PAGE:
What’s wrong with being a Nice Guy? Isn’t that what everyone wants in a partner?

No, they don’t. Nice Guys aren’t nice. Nice guys are a problem – for themselves and for the people they want to seduce.

Because Nice Guys aren’t what you (or they) think they are. They’re the people pleasers who never truly ask for or say what they need. They’re the approval-seekers (or disapproval-avoiders). They’re the fixers and the caretakers who’re always keeping a mental balance sheet in their minds: Because I do X for you, I should get Y in return. But it’s all left unspoken, slowly bubbling away in a cauldron of resentment until it explodes into miserable, angry fights.

And anyway, being nice to someone doesn’t get you a cookie. It’s not some wondrous gift that sets you apart and makes you attractive. It’s the minimum we should expect of ourselves!

This episode’s probably going to upset some of you. In it, we take apart the myth and reality of the Nice Guy and challenge you (and ourselves) to be responsible for our own needs and emotions.

So let’s start at the beginning: realising that you have needs in a relationship and that you have to articulate what they are. If you don’t express your needs, you’re just expecting everyone around you to be a mind-reader: have you told them? If not, why are you getting ever-more angry that things aren’t going the way you want them to?

‘People don’t even know themselves. To expect them to know you is just foolhardy’

– Dre

This isn’t the same as being needy, though. Nothing is less seductive than being needy. It’s the antithesis of value, and our human brains have long evolved to figure out what’s ‘valuable’ and what’s not. Having something (or someone) be infinitely available to you and never offer any challenge or feedback means you’ve priced yourself at zero. And other people are going to detect that very quickly.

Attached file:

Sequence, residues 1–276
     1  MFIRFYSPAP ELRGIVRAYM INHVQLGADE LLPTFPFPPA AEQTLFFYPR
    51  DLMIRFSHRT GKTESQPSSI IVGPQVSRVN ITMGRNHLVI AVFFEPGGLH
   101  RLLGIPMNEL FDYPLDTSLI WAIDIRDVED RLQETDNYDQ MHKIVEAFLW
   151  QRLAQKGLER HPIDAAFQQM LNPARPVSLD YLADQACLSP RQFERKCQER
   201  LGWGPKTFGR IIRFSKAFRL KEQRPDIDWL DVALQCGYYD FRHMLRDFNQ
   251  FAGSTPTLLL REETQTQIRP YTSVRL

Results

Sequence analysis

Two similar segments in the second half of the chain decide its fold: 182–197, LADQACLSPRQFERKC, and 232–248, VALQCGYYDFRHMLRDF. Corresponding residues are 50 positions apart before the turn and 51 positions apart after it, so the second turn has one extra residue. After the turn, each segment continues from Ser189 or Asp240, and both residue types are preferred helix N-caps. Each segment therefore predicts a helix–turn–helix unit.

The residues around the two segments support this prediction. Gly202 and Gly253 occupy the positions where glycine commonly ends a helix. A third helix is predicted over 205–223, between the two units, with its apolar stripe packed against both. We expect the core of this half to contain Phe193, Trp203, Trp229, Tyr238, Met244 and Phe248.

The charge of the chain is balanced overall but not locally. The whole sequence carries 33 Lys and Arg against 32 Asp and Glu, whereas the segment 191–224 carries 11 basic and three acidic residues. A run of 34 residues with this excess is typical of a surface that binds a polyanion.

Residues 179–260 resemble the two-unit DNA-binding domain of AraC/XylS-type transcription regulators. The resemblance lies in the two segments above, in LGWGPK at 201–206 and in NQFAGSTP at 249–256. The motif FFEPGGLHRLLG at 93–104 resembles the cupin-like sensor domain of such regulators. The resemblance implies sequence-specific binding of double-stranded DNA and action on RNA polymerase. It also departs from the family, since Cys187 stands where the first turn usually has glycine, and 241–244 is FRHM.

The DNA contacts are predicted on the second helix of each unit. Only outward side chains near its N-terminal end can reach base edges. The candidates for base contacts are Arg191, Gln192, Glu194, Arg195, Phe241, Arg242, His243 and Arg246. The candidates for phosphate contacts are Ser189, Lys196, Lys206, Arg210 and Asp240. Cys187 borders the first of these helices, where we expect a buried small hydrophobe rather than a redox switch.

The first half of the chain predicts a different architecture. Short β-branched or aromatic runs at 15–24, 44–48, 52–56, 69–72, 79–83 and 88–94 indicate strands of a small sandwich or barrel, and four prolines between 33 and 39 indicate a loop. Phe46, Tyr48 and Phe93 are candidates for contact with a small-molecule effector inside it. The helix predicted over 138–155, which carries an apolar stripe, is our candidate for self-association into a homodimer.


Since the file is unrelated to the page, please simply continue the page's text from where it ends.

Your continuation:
In a healthy relationship, people want a companion and a confidante – not some kind of henchman.

So how do we talk about needs without being needy? How do we escape the Friend Zone?

The most important element here is boundary-setting and having the courage to say ‘No’ to what we don’t want or won’t accept. This is the opposite of playing mind-games: this is about establishing the rules of the game so that everyone can then get down to actually playing and having fun.

And if it turns out the person you’re trying to seduce isn’t willing or able to respect what you need – it’s time to call it quits. After all:

‘You can’t successfully have a relationship with someone who isn’t able to respect your needs’

– Jon

We’re not beating up on Nice Guys from the sidelines, though: Jon opens up about an abusive relationship he was in, in which he was the nice guy, and all the many mistakes he made (as well as what he’s learnt from them).

We also cover how to set up clear lines of communication from the start of a relationship so that subterfuge and mistrust aren’t the order of the day when problems inevitably start to arise.

So let’s stop being nice and start being authentic. Are you ready?

 

Also Including:

  • Why other people sometimes want you to say no to them
  • The art of seduction
  • How to defeat passive aggression
  • Having and keeping your own space
  • Define your relationship terms without ‘spoiling the magic’
  • How to get the sex you want (and admit there IS something you want)

Links:

Be Silly. Be Kind. Be Weird.

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